What Did the Client Mean? Tips for Better Client/Content Writer Communication
One of the most important aspects of working with a team is effective communication. Consider experienced content writers a part of your team to get your projects moving in the direction you want. These helpful tips will help keep your client/writer relationship running smoothly throughout the project.
1. Never assume.
You’ve heard this before, but it bears repeating: never assume that a writer intuitively understands what you mean and can ‘fill in the blanks’ left by sketchy instructions. If you want a particular format followed, for example, let the writer know in detailed and clearly-written instructions from the outset. Try to think like a writer: what information would you need to complete this order?
2. Have a clear picture in your mind of what you need and are looking for.
Consider the ultimate purpose of your content order: what you want it to accomplish. What kind of tone will work best for your intended audience? What background should the writer have: legal, teaching, medical, or business? Be open to the writer’s insights and advice, as well — these are often based on years of experience writing all kinds of projects, and will have a clear understanding of what will work and what probably won’t.
3. Respect deadlines – especially the ones you set.
If you want a fast turnaround (say, under 48 hours for a large order) then it’s a not a good idea to wait until the last minute to read, then approve or resubmit for revisions. Your writer likely dropped everything else to do your project; responding in a timely manner enables the writer to clear up any misunderstandings or answer questions, build any rewrites into his or her schedule, and meet your deadlines more efficiently.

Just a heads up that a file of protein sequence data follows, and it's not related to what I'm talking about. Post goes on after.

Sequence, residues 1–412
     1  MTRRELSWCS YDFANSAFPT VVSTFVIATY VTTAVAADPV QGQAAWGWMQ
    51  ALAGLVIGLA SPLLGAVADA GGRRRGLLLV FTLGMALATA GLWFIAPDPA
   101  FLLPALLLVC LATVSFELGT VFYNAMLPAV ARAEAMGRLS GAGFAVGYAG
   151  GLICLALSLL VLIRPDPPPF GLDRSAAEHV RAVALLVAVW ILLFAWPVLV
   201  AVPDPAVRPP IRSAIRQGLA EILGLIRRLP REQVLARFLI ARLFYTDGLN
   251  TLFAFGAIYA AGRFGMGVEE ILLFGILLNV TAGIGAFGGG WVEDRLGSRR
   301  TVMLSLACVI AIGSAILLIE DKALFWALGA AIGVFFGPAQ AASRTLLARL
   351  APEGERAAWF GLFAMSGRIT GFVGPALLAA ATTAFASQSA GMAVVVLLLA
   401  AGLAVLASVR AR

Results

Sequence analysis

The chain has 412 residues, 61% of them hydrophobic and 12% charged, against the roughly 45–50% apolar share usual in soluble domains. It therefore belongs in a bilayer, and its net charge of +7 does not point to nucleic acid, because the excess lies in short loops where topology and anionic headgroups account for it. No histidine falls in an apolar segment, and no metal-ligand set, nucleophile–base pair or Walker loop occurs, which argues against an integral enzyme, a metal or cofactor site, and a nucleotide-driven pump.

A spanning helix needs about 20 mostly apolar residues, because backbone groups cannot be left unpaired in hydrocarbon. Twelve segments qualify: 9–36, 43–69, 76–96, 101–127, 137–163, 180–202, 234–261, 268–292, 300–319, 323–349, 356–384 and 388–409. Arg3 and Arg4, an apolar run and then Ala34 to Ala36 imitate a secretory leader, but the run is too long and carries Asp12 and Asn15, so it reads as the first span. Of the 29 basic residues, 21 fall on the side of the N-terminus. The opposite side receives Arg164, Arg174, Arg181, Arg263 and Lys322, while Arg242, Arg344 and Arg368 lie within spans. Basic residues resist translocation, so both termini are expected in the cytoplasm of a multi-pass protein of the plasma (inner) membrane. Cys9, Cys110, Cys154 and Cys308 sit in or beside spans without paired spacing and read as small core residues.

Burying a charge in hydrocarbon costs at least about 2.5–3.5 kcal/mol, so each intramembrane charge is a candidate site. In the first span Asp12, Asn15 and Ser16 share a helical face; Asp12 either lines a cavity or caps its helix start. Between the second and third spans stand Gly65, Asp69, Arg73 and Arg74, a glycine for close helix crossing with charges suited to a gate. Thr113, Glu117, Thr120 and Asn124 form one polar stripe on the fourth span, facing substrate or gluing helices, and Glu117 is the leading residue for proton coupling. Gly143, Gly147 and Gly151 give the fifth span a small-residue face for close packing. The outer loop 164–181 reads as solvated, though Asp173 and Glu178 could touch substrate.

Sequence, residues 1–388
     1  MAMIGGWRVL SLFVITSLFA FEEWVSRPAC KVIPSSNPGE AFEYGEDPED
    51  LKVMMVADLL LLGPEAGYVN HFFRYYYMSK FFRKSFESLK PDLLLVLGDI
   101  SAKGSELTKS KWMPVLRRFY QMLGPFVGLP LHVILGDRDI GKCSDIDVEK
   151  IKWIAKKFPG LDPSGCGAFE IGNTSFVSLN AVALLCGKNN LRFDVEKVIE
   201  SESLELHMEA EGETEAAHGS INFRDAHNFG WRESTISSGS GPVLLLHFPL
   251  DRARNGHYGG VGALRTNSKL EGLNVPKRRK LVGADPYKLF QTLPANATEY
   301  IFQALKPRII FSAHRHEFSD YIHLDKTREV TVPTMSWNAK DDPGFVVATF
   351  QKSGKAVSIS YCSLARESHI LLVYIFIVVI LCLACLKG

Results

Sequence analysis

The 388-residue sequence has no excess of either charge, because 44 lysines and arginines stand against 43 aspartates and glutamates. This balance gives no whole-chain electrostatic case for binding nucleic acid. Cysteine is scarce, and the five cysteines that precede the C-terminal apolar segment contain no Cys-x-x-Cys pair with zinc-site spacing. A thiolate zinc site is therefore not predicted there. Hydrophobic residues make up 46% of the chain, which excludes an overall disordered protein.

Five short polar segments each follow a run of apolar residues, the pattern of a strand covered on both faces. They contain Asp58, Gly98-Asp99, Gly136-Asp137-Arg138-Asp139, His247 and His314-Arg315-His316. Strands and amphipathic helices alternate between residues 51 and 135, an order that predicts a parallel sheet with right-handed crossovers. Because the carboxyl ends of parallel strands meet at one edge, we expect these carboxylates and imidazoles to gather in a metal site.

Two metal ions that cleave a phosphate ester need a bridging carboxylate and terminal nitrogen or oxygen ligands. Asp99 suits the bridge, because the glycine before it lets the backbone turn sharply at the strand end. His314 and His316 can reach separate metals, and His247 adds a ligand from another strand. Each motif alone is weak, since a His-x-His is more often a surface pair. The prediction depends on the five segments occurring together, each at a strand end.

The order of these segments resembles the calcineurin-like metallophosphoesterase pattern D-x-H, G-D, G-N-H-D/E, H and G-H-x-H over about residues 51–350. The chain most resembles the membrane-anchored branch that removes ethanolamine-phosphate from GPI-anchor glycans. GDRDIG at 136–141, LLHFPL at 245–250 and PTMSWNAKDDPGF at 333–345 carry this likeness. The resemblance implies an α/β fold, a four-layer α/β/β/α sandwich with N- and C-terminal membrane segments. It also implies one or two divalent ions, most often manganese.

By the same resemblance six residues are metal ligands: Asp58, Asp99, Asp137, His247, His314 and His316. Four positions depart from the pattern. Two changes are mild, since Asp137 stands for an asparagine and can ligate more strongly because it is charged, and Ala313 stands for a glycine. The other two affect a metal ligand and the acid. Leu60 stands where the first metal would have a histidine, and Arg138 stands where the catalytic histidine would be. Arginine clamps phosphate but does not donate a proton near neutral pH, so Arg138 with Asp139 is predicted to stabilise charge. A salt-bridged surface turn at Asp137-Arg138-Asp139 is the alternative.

4. Check your email or messaging frequently for order-related questions and comments.
Sometimes questions come up in the course of writing a piece for a client. Requested links don’t always open, instructions may be a bit vague, and so on. Clients who don’t respond or do so at the last minute leave the writer with no choice but to “guesstimate” and submit, only to necessitate a revision request.
Mary S has been writing since she could hold a pencil – and had her first (paid) news column by-line at the age of 10. She has enjoyed helping a wide variety of clients meet their unique content needs here at Writer Access since 2012.